Pipe Smoking—The Why

“I believe that many who find that ‘nothing happens’ when they sit down, or kneel down, to a book of devotion, would find that the heart sings unbidden while they are working their way through a tough bit of theology with a pipe in their teeth and a pencil in their hand.” — C.S. Lewis

In my last post I talked about my ingress into the fantastical world of pipe smoking. In this post, I want to talk about the “why’s,” the reasons I smoke a pipe. And that’s an important distinction. I’m not saying why you should smoke a pipe, I’m only speaking from my experience.

So, why did I start smoking a pipe?

I’m not really sure. Seriously. I just sort of fell into it. I mean, I guess part of it is the “old world” feel about smoking a pipe. I’m a lost romantic in a very unromantic world. I like “old” things—antiques, craftsmanship, clothes1, shaving2, etc.—and pipe smoking fits into a lot of those categories. There’s a quote I use when I give retreats on Celtic Christian Spirituality that goes like th…

Pipe Smoking—The Beginning

“I believe that many who find that ‘nothing happens’ when they sit down, or kneel down, to a book of devotion, would find that the heart sings unbidden while they are working their way through a tough bit of theology with a pipe in their teeth and a pencil in their hand.” — C.S. Lewis



As many of you know, I smoke a pipe. And while I really don’t mention it a lot on this blog, if you were to visit me we would, more likely than not, find ourselves sitting outside having a nice conversation and I’d be smoking a pipe. I might even offer you one, if you’re so inclined.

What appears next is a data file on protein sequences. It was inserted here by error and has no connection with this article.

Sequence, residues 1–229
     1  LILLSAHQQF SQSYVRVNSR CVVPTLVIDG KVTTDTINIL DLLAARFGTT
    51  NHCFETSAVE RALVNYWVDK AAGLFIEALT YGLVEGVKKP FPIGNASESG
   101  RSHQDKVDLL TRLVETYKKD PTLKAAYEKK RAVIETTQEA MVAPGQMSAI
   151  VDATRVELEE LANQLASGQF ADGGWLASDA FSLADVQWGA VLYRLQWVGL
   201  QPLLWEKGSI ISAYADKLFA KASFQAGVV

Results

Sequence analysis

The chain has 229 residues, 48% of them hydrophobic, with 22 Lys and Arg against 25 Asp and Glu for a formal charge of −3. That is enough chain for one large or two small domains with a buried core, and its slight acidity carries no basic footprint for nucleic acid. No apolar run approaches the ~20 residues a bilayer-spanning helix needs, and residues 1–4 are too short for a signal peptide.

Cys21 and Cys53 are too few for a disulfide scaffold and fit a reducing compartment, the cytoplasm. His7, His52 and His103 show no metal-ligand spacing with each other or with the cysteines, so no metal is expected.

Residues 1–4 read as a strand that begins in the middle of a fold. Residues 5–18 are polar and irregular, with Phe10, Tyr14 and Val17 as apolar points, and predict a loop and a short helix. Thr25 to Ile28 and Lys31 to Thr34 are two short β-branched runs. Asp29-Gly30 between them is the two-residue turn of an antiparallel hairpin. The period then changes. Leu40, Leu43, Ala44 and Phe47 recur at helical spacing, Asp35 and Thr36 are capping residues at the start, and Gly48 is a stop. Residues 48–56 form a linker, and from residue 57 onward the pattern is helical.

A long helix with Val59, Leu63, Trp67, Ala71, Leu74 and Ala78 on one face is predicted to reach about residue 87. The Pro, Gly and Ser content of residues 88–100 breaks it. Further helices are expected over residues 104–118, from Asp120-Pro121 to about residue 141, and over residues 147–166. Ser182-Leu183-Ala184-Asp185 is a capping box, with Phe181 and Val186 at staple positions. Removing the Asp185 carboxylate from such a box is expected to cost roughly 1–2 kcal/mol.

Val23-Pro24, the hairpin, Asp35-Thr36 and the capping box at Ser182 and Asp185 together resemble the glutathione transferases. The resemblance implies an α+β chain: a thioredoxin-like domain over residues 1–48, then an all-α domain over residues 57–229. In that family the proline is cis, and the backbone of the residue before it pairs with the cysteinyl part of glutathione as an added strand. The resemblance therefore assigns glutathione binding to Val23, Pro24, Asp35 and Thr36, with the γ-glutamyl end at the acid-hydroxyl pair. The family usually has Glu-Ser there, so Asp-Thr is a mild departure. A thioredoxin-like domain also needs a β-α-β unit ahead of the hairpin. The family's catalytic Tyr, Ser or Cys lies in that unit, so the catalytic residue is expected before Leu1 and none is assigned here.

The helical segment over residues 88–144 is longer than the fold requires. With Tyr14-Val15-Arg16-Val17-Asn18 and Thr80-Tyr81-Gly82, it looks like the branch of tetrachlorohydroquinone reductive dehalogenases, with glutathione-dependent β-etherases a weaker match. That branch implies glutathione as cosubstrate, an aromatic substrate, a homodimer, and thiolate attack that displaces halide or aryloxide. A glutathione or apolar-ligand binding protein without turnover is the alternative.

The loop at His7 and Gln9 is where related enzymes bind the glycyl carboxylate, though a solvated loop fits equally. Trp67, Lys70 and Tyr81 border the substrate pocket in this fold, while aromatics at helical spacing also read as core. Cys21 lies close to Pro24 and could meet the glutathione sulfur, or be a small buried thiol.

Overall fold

What I’d like to do is write a little series on pipe smoking. Perhaps some “how to’s” and what not. Who knows? I might even start a YouTube channel about it.

But one thing I’d like to try to do is tie pipe smoking together with theology and biblical study. A lot of people find the two—pipe smoking and spiritual commitment—diametrically opposed to one another. But as we saw in the Lewis quote above, it can be quite helpful and s…

Pipe Smoking—The Pipe Parts and Stuff

“I believe that many who find that ‘nothing happens’ when they sit down, or kneel down, to a book of devotion, would find that the heart sings unbidden while they are working their way through a tough bit of theology with a pipe in their teeth and a pencil in their hand.” — C.S. Lewis

In our previous post, we talked about the different shapes of a smoking pipe. So today we’re going to talk about the different parts of a pipe and some of the tools you’ll need for smoking your pipe.

Now that you have your first pipe (congratulations, by the way!), let’s talk about the different parts of your pipe.


As you can see in the above image, a pipe has two basic sections, the stummel and the stem. The stummel is the wood part and the stem is the mouthpiece.

The stummel can be made of different material but is generally briar wood. Briar (Fr. bruyère)comes from a flowering, evergreen shrub (erica arborea) in the heather family that grows in the Mediterranean Basin. After the shrub has reached maturity…